Okay. This is going to sound bad, really bad, coming from a person who is trying to lessen the stigma attached to mental disorders, but when I learned about former NFL star Herschel Walker’s dissociative identity disorder (DID), formerly known as multiple personality disorder, I immediately thought of the story that my neighbor-psychologist told at his partner’s funeral…
They both were psychologists very committed to their patients. His partner was worried about one of her patients as they the two of them took off for a vacation, so she gave him her hotel number, to call in case things got bad and he needed to talk.
At three in the morning, the second night of their Caribbean trip, the hotel phone rings and it’s her patient. Diagnosed with multiple personality disorder (or DID today), he told his psychologist that one of his alters was acting up, and he couldn’t get a handle on it.
“Hold on a sec,” she said, and turned to her partner to ask him what she should tell the guy.
“Tell him to get an intervention together—with all the other alters–and confront the alter who is causing the trouble. Have all the other alters gang up on the guy. That should solve it.”
So that’s exactly what she told her patient.
Now I know this is a very serious mood disorder, and I’m not making fun as to say, “Get a grip, Herschel!”
I was very saddened to read the details of Walker’s story in the CNN article written by Miriam Falco. How can you not feel badly for someone who describes his mood disorder this way: “My life was out of control. I was not happy, I was very sad, I was angry and I didn’t understand why.”
And I very much appreciate Falco’s article, because I am one of the multitudes who don’t understand this diagnosis and automatically think of a Sybil-type character with different people trapped inside one head. I would benefit from learning about this form of mental illness, just as those who think being bipolar means extravagant shopping sprees followed by a crash in a psych ward, might do well to read up on manic depression.
Says Falco in her article:
Everyone has various facets that make up his or her personality — assertive, angry, comforting. But, experts explain, in DID, these various parts — known as alters — don’t come together as one cohesive single personality. Instead, one or the other part of the identity takes over and determines one’s behavior.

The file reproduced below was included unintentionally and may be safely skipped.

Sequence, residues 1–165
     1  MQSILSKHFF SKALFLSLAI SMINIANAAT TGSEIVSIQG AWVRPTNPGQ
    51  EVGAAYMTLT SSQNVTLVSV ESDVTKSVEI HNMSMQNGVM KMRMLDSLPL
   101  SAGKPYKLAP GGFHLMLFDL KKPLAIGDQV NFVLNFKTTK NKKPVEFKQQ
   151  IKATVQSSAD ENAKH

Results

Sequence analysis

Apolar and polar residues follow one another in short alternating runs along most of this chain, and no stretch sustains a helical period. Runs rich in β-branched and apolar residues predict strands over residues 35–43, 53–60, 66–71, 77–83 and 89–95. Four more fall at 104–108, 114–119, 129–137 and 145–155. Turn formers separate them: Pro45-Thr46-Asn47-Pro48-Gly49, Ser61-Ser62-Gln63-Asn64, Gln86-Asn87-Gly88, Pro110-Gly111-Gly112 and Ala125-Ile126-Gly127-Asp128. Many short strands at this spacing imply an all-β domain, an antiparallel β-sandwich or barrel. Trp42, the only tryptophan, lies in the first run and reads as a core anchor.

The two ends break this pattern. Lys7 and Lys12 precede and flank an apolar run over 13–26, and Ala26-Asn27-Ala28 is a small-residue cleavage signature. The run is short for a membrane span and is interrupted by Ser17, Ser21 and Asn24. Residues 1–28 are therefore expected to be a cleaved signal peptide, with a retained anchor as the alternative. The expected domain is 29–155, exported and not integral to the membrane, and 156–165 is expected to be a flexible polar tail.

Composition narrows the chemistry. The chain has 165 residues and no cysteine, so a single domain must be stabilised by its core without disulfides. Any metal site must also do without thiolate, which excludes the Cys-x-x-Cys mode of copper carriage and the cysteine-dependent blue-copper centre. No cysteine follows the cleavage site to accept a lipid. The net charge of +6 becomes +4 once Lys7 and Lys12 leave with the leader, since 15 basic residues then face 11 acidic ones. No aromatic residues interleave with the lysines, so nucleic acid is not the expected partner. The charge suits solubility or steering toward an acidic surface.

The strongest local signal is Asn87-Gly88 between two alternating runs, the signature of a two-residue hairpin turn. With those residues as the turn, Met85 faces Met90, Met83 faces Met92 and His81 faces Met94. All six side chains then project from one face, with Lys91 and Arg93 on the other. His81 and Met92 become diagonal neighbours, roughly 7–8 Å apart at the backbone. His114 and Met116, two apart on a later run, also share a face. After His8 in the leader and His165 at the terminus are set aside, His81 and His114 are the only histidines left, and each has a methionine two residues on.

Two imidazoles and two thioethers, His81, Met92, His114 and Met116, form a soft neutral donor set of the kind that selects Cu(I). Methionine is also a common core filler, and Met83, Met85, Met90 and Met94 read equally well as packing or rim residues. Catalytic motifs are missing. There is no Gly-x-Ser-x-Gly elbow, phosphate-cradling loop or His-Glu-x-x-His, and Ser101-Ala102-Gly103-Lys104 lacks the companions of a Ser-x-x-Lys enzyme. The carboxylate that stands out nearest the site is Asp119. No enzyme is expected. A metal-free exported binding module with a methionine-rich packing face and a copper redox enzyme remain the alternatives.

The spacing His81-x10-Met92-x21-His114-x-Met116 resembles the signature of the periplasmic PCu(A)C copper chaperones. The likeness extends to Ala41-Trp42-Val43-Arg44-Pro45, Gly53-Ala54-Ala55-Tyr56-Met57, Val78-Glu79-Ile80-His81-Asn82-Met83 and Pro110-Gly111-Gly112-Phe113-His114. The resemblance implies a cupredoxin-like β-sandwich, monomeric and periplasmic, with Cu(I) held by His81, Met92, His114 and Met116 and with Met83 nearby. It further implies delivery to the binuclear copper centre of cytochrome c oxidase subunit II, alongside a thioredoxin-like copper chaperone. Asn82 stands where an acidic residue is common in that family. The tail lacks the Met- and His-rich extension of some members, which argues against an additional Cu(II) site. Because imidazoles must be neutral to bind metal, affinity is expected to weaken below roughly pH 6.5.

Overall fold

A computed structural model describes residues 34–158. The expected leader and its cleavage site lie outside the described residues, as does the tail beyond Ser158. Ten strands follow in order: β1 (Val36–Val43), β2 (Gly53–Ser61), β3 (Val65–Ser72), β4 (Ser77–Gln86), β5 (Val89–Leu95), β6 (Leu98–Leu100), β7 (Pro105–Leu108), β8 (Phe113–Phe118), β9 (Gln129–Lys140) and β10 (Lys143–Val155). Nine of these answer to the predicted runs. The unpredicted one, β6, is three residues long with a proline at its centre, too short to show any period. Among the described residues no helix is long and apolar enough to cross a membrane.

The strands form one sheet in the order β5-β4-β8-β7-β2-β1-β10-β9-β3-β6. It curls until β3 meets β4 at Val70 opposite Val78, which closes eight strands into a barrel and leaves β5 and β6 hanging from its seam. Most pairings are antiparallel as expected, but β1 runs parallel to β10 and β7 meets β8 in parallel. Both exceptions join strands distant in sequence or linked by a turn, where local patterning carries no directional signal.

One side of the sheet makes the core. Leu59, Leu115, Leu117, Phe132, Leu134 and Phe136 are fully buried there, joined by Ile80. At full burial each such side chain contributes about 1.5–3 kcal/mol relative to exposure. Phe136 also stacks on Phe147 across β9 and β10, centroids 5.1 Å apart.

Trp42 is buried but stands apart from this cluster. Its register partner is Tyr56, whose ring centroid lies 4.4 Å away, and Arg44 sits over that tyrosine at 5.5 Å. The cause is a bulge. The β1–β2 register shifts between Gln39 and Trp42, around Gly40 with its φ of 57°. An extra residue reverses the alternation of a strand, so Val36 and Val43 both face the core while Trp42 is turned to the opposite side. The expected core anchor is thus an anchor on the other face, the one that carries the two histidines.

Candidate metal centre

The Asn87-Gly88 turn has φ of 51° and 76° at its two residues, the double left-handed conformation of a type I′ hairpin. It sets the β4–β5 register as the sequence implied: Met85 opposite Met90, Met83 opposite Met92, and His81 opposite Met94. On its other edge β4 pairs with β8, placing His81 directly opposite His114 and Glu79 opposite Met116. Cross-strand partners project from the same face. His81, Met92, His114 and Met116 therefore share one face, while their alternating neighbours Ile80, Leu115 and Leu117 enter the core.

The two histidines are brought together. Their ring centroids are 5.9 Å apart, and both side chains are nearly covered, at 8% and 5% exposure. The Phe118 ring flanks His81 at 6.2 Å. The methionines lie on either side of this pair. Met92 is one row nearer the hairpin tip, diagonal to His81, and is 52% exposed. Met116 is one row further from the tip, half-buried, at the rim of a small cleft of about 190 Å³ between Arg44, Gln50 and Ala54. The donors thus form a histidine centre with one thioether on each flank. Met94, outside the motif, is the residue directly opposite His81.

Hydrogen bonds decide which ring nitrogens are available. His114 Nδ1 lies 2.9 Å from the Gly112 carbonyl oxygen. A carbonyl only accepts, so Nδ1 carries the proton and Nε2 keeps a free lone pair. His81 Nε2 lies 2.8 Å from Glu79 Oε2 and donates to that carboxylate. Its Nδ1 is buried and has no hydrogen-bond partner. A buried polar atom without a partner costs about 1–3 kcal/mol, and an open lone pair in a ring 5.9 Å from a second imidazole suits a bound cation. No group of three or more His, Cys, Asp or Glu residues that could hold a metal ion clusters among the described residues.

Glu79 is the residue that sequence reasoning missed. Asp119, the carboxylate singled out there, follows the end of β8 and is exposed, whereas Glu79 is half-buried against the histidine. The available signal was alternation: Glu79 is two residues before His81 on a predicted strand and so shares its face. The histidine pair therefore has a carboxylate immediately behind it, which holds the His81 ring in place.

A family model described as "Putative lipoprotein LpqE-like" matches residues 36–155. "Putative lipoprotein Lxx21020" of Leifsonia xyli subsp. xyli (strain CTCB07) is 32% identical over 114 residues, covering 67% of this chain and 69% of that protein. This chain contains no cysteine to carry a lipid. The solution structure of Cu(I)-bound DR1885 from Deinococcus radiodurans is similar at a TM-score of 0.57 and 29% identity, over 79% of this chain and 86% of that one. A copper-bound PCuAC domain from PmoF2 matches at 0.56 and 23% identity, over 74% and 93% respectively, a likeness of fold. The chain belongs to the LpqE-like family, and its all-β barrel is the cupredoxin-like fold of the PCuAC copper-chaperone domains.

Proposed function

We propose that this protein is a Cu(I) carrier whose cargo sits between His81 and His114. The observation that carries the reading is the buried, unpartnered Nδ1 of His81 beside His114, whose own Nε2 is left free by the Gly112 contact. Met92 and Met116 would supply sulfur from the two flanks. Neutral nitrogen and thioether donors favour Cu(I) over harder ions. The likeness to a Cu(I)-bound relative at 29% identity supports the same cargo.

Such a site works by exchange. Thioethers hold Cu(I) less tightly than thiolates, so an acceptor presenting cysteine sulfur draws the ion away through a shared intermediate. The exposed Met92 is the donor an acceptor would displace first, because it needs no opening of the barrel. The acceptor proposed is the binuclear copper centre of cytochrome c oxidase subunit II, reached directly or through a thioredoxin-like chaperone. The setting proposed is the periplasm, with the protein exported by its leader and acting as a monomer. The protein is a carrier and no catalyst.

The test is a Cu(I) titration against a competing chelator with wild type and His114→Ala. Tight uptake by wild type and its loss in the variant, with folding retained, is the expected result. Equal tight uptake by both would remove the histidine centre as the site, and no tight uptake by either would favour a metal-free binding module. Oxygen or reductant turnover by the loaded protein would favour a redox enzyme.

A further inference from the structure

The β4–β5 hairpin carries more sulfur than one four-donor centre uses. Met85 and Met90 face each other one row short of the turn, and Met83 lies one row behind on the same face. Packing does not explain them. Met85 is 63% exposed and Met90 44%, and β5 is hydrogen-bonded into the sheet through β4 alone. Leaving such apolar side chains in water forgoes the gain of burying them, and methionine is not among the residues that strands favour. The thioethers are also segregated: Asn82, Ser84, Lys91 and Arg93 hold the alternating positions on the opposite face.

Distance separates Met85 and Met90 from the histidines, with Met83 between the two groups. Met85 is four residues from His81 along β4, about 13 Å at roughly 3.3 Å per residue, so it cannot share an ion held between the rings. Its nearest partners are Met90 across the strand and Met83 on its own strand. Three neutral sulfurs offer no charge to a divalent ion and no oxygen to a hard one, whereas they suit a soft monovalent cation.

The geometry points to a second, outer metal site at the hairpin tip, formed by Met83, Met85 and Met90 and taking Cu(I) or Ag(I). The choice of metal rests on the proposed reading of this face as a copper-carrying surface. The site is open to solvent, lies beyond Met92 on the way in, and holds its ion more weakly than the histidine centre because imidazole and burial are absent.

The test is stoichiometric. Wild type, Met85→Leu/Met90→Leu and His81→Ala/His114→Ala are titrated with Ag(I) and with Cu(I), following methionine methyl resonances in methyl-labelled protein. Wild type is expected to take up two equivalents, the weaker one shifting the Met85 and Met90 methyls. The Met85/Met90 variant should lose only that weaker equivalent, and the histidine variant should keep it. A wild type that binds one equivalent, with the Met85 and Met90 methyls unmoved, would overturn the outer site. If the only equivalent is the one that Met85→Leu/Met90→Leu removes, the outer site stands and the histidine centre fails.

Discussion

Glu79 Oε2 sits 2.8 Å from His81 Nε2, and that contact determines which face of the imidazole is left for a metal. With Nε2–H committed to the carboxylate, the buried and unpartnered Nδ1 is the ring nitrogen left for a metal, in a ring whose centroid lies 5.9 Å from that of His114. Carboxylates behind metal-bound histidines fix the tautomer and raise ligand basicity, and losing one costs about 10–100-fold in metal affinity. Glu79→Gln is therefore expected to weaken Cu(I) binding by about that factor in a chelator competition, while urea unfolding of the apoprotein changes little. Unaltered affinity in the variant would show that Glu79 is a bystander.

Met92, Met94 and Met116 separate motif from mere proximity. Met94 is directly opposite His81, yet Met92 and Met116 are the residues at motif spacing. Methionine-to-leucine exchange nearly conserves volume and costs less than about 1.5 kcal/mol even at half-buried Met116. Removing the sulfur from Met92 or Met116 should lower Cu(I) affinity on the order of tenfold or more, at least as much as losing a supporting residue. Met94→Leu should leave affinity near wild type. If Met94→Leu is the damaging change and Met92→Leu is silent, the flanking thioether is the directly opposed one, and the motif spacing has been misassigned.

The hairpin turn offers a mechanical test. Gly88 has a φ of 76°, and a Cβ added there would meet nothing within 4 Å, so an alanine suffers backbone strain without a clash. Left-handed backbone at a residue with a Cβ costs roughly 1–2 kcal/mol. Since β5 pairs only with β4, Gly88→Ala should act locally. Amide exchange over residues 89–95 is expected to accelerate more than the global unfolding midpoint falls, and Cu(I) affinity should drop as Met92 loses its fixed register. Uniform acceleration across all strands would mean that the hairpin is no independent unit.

Asked how many different personality facets, or alters, he has, Walker replied: “To be honest, I have no idea.” But in the book, Walker talks about a dozen. They’re described by their roles or function: the Hero, the Coach, the Enforcer, the Consoler, the Daredevil, the Warrior, to name a few.
Some of these alters did a lot of good, he said. But others led to some extreme and violent behavior, most of which Walker said he doesn’t remember. As a result, the disorder, or DID, led to the breakup of his marriage. “I lost the person that was like everything to me,” he said. “I lost my wife and that’s totally, totally devastating to me.”
Walker said a competitive alter caused him to be a danger to himself, playing Russian roulette more than once. In the book he describes another incident, the very late delivery of a car, that made him so angry he had thoughts of killing someone. It was the moment he realized had to seek help, he said, which ultimately led to his diagnosis.
The perspective of Walker’s ex-wife, Cindy Grossman, was especially intriguing and disheartening. He repeatedly threatened her with guns and knives and razors. But he doesn’t remember the assaults.
CNN interviewed Dr. David Spiegel, a psychiatrist at Stanford University who has been studying multiple personalities for more than 30 years. According to Spiegel:
*Dissociative identity disorder affects about 1 percent of the US population.
*DID is really a childhood disorder which usually isn’t diagnosed until adulthood.
*DID stems from trauma, physical and psychological abuse suffered as a child, when the brain is still developing a personality. Says Spiegel: “It’s a natural response to overwhelming repeated trauma.”
* There are no drugs to treat DID. Says Spiegel: “It’s hard to get treatment and there’s no quick fix, but psychotherapy helps.”